Unlocking the Potential of Gifted Kids with ADHD
ADHD and intelligence are uncorrelated. Yet so many of our kids score off the charts on IQ tests and are clearly smarter than their grades and conduct reports might suggest. Teaching and parenting these twice-exceptional (and easily bored) students takes persistence and creativity, but the hard work is more than worthwhile when their gifts are unlocked.
Reviewed on October 2, 2018
Many parents and teachers don’t realize that a child can be gifted and have learning disabilities, a combination called “twice exceptional,” or 2e. Debra Hori, an education therapist, didn’t. Her son, Ben, was diagnosed with attention deficit hyperactivity disorder (ADHD) at age eight, but it took three years to learn that his verbal skills and IQ were well above average. “He was tested, and he scored in the gifted range,” says Hori. “I decided to enroll him in a different school that accommodated all of his needs,” she explains. “It made a world of difference.”
Intellectually gifted children with special needs like ADHD often have a rough time in school. Their gifts mask their special needs, and their special needs hide their academic ability. As a result, they are usually labeled “lazy,” “unmotivated,” or “slackers.”
Several factors contribute to the delayed diagnosis of students who have both ADHD and gifted abilities. Inattention and other ADHD symptoms may result in lower scores on tests used to determine eligibility for gifted programs. Also, teachers are less likely to notice ADHD symptoms in students who are not disruptive. Parents are likely to be skeptical of an ADHD diagnosis when they know their child is bright. Remember, though, that a high IQ alone is not enough to be successful in school. Working memory, say experts, is a better predictor than any test result.
How to Meet the Learning Needs of Gifted Students with Learning Disabilities
“Unlike mainstream students, twice-exceptional students — gifted students who have ADHD and learning disabilities — struggle with getting their thoughts down on paper, writing legibly, doing calculations accurately, staying organized, and following step-by-step instructions,” says Linda Neumann, editor and co-publisher of 2e: Twice-Exceptional Newsletter. “They appear distracted or lazy, but they are trying very hard.”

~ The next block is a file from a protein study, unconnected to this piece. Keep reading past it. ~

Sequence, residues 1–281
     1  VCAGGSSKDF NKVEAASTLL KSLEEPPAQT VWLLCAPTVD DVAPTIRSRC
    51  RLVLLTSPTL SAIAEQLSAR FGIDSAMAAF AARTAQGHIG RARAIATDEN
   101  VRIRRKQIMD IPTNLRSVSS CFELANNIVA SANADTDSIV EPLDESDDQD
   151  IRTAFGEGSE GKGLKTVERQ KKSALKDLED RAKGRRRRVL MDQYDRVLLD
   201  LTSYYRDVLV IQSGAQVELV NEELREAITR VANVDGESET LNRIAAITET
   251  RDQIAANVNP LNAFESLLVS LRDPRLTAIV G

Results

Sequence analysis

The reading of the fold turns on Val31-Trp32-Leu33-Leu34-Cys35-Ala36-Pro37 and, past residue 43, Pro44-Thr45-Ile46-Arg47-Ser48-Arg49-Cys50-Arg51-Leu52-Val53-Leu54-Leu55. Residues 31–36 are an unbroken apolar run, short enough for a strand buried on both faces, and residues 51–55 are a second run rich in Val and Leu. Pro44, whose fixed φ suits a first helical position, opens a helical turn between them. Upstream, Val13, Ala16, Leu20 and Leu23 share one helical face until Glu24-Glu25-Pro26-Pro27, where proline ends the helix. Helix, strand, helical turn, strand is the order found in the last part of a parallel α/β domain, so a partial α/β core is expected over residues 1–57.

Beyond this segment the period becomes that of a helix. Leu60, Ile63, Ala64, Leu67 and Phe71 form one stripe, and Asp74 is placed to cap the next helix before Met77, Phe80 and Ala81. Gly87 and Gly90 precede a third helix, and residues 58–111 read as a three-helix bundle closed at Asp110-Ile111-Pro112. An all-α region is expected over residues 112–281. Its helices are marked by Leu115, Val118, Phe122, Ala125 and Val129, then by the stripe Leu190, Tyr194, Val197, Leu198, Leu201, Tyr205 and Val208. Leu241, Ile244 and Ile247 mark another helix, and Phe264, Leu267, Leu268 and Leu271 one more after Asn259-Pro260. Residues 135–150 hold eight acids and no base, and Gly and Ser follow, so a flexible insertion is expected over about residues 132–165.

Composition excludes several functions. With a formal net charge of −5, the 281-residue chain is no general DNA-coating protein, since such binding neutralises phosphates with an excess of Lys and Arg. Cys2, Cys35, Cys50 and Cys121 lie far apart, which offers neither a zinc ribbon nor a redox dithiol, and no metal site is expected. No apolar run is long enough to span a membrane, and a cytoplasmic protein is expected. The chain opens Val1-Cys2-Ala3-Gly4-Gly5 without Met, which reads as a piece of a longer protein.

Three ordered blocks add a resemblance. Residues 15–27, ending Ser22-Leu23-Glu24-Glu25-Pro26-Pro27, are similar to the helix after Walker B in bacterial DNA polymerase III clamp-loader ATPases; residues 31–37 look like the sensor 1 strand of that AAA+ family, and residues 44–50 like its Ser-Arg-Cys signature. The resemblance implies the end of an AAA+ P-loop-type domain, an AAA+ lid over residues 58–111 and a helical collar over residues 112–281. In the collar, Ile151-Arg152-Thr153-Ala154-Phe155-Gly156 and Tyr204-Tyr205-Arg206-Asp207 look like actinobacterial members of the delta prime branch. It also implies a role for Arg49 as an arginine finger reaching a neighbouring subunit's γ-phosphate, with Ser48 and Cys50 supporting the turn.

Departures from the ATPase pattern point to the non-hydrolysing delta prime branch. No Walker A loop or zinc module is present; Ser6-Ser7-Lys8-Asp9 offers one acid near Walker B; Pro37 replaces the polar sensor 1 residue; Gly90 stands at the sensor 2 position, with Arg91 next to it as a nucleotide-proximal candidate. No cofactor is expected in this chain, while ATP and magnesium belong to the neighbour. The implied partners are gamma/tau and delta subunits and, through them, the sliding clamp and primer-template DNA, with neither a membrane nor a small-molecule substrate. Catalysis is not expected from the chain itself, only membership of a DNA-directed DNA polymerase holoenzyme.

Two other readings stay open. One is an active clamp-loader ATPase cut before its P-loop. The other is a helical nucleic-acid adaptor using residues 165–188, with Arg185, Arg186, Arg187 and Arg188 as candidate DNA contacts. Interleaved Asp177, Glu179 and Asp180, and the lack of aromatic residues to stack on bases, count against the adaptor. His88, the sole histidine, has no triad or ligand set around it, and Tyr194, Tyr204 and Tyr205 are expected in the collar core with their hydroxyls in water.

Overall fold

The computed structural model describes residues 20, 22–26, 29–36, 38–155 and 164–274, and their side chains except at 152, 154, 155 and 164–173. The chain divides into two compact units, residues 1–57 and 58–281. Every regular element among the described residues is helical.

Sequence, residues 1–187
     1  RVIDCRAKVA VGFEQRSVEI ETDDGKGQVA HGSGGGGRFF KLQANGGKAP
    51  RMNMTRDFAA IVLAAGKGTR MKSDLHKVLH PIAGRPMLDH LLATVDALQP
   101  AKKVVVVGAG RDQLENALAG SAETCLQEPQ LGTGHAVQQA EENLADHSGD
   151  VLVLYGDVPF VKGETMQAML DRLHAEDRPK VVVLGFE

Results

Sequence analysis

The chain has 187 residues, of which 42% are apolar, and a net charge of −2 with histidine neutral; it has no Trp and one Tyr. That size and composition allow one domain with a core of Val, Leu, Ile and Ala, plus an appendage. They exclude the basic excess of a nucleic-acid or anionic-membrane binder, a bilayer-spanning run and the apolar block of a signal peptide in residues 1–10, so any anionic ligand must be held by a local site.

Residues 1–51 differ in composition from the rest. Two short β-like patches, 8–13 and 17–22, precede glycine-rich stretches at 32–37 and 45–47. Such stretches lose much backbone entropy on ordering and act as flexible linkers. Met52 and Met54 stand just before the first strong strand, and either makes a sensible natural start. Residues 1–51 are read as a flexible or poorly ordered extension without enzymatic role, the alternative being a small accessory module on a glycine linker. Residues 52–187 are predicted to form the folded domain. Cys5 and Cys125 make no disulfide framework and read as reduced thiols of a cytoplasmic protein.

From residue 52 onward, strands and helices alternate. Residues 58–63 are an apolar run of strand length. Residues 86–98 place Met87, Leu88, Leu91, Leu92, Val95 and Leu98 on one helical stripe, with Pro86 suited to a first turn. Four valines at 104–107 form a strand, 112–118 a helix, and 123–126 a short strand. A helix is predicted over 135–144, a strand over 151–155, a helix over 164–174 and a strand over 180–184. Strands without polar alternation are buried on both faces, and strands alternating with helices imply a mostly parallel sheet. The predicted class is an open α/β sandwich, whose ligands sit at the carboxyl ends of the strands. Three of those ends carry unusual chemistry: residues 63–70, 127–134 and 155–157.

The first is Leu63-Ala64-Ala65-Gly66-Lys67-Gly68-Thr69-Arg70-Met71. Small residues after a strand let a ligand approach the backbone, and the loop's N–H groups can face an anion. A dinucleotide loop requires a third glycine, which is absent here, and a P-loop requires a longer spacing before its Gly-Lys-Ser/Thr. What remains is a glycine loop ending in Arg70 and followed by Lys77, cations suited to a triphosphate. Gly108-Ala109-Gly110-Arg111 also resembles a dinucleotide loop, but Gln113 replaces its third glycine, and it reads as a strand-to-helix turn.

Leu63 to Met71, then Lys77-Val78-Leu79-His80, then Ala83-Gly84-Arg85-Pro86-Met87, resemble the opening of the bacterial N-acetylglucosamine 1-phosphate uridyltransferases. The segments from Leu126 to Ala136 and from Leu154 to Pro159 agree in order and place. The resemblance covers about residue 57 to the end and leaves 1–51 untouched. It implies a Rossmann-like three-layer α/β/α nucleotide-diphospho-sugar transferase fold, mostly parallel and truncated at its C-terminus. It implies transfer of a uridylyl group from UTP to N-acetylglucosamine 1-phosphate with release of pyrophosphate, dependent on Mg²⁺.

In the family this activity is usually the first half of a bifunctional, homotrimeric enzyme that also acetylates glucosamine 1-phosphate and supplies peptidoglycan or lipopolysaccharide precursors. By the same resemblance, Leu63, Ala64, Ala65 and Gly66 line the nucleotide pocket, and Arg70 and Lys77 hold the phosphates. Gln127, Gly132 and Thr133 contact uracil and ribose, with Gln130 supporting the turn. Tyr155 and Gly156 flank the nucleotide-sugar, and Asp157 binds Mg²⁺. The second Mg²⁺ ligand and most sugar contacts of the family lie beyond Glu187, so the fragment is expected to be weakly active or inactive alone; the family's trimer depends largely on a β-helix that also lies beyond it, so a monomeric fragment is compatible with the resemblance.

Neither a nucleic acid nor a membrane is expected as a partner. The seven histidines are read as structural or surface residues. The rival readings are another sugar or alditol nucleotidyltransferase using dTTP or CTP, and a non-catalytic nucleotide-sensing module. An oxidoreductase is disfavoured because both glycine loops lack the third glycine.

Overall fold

As a result, many so-called 2e students feel “dumb” and wind up hating school. “It can be devastating when a student knows he’s smart, but is not able to reach his potential,” says Chris Dendy, who developed a DVD, Real Life ADHD, for children and teens.
Placing a gifted child with ADHD with other gifted students is an automatic — but sometimes misguided — strategy. Without schoolwork that meets their cognitive needs, gifted children with ADHD find it hard to sustain attention and often develop poor work habits. On the other hand, some gifted students avoid 2e students because of their lack of organizational skills and social skills.
Twice-exceptional students need a program that nurtures their talents while accommodating their weaknesses, says Susan Baum, Ph.D., an educator, researcher, and author of To Be Gifted and Learning Disabled. Gifted children with ADHD need accelerated learning, even while they are working on the cognitive skills that will support the faster pace. They should have a “differentiated curriculum” — with options in what they learn and how they learn it. Teachers and parents should ensure that a 2e student has the support skills to manage his tasks and to compensate for his weaker executive function.
Work with the school to secure services for your child. Some gifted students need more time to complete tasks than other students. They often benefit from using assistive technology, such as a portable word processor or a calculator.
“All of Ben’s problems didn’t disappear when he attended a new school, but his outlook on life improved significantly,” says Debra Hori. “I had my son again, and that was good enough for me.”
Five Tips for Parents of Gifted Children with ADHD
- Trust your instincts. You know your child better than anyone else. Don’t assume that professionals know better because they have credentials.
- Trust your child. If he says he can’t do something, don’t assume that he’s being lazy or obstinate, and don’t believe anyone who says he is.
- Don’t ignore the gifts while trying to fix the disabilities. Gifted children get depressed when they aren’t able to learn new things.
- Don’t ignore the disabilities while nurturing the gifts. Children get frustrated and depressed if they are constantly required to do things they can’t do.
- Know that your child can be in a gifted program and also have an IEP or a 504 Plan. Gifted students with ADHD may be eligible for IDEA services, in certain circumstances, under the Other Health Impairment or Specific Learning Disability category.
-Meredith G. Warshaw, M.S.S., M.A., uniquelygifted.org